But it is not just the explicit statements of book 3 that are of interest. The way in which Theophilus uses Genesis is even more instructive. Droge has convincingly shown that in book 2, especially chapters 29-32, Theophilus ‘managed to construct a general outline of the history of culture based on selected passages of Genesis’, and that this ‘is informed by a general knowledge of contemporary Greek theories’. His argument begins (pp. 2-8) by showing the extent to which archaiologia, or scholarship concerning antiquities and origins, was well established. Josephus’ Jewish Antiquities belongs alongside the ‘archaeology of Rome’ by Dionysius of Halicarnassus, Varro’s Antiquitates rerum humanarum et divinarum, and the Historical Library of Diodorus Siculus. Other easterners presented claims to greater antiquity than the Greeks: Berossus for the Babylonians, Manetho for the Egyptians, Philo of Byblos for the Phoenicians; and the Greeks from Herodotus on had acknowledged some of the facts. We have already seen Tatian adopting the argument that the Greeks were plagiarists, and the core of Droge’s argument concerns these rival claims with their associated chronologies. In the case of Theophilus’ account of Genesis, he develops other aspects of the history of culture.
Droge takes Hesiod to be the classical account of origins, and therefore Theophilus’ principal target, though not the only one. Prior to the section of Theophilus’ work which mainly concerns us, he finds differentiation from Hesiod in giving an account of creation (2. 5-6, 12-13), and, conversely, Hesiod’s unacknowledged influence in the depiction of Adam and Eve (2. 18 ff.). Contemporary discussions about the origins of language, Droge argues, have been reflected in Theophilus’ retelling of Adam’s naming and his etymologizing. Theophilus shares current views to the effect that tame animals were to produce food or provide labour, while wild animals were to be hunted, but explains that this was the result of the Fall; he believes, as others did, that primitive humanity had been vegetarian. Now, in 2. 29, more items appear which were standard in accounts of cultural history.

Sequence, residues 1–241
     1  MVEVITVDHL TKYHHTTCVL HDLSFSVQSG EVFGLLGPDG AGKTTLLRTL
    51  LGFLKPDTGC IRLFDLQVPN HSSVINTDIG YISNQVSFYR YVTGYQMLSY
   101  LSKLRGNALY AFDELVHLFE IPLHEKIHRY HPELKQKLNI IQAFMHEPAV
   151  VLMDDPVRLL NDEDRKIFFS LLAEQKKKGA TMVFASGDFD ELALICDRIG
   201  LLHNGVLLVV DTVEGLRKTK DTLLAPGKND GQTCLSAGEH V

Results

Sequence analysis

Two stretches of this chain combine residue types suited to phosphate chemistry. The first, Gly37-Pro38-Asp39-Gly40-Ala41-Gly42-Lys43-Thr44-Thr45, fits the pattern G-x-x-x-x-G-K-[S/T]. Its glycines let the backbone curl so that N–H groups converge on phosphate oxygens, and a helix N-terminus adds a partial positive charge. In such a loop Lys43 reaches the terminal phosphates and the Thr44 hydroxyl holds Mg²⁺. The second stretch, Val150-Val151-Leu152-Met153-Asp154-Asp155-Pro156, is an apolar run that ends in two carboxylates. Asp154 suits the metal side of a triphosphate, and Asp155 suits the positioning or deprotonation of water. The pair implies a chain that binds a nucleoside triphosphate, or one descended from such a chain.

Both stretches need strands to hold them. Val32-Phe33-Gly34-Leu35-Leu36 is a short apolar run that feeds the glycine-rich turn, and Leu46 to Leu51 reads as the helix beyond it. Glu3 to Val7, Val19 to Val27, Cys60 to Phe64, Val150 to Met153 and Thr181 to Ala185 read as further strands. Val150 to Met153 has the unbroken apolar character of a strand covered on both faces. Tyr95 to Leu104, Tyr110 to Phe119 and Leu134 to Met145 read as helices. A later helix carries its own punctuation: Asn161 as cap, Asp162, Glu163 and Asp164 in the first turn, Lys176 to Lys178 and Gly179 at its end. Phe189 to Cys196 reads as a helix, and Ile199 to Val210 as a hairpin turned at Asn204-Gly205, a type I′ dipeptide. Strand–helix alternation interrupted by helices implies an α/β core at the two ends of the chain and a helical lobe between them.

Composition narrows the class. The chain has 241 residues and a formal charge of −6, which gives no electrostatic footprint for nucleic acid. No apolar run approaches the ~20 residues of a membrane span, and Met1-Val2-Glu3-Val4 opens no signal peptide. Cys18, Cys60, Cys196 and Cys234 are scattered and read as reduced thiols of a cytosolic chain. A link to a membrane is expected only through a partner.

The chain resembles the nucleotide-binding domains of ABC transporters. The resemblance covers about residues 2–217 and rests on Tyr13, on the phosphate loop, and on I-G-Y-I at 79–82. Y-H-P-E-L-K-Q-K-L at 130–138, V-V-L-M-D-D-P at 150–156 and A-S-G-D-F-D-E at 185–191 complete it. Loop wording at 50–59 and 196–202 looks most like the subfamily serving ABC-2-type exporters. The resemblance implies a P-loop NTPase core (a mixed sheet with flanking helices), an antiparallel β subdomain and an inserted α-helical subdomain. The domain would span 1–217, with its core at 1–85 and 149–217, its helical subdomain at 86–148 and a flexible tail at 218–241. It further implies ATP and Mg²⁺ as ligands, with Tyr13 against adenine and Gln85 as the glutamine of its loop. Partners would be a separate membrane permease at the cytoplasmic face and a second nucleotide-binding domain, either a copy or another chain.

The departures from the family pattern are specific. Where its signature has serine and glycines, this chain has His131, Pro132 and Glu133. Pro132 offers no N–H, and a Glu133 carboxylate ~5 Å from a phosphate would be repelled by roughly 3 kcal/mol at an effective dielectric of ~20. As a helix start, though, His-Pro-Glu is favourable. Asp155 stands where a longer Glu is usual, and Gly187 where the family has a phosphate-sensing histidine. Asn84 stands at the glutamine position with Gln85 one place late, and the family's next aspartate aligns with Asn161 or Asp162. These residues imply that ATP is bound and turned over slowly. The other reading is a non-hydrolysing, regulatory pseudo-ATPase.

First, the story of Cain and Abel becomes an account of the invention of shepherding and the discovery of agriculture. Then Genesis 4: 17 is taken to be the foundation of the first city, and Theophilus inserts a comment (2. 30), for which there is no warrant in the Genesis text but plenty in Greek discussions, about the beginnings of polygamy and of music. The domestication of animals and the invention of metallurgy, along with the discovery of music and musical instruments, are related to Lamech’s three sons. After the Flood he introduces ‘a new beginning of cities and kings’ (2. 31), in which three more cultural history topics feature: the origin of different languages, the beginning of warfare, and the institution of priesthood. The climax is the settlement of the world (2. 32).
Droge’s argument is that Theophilus has deliberately selected from Genesis, and phrased his narration and exegesis in the way he did, to provide an alternative account of origins. It is not insignificant that the next paragraph (2. 33) makes explicit the fact that Greek writers lived long after these events, introduced a multitude of gods, got events before the Flood wrong, were not inspired, and that only the Christians have the truth. They have the truth because they are instructed by the Holy Spirit, who spoke in the holy prophets. They possess the right literature. The standard classical literature is rubbish, even though there are occasions when the Sibyl and the poets agree with the prophets (2. 36-8).
The educated person, raised on the Greek or Latin classics in the schools of rhetoric and perhaps philosophy, might be prepared to acknowledge the contribution of other cultures to the GraecoRoman synthesis—many of them would in any case have been of non-Greek ethnic origin, though Hellenized in culture, as perhaps Justin and certainly Tatian was; but to such a person the declared preference for a body of crude barbarian literature would have been incomprehensible, as the second-century critic of Christianity, Celsus, demonstrates. The argument may not have been all one-sided, for Plato had already attacked the poets; the trouble was that more than a substitute literature was at stake. Social nonconformity exposed more than the educated converts to hostility. It was because rival literatures were embedded in rival ethnic and religious cultures that the debate about literary authority mattered.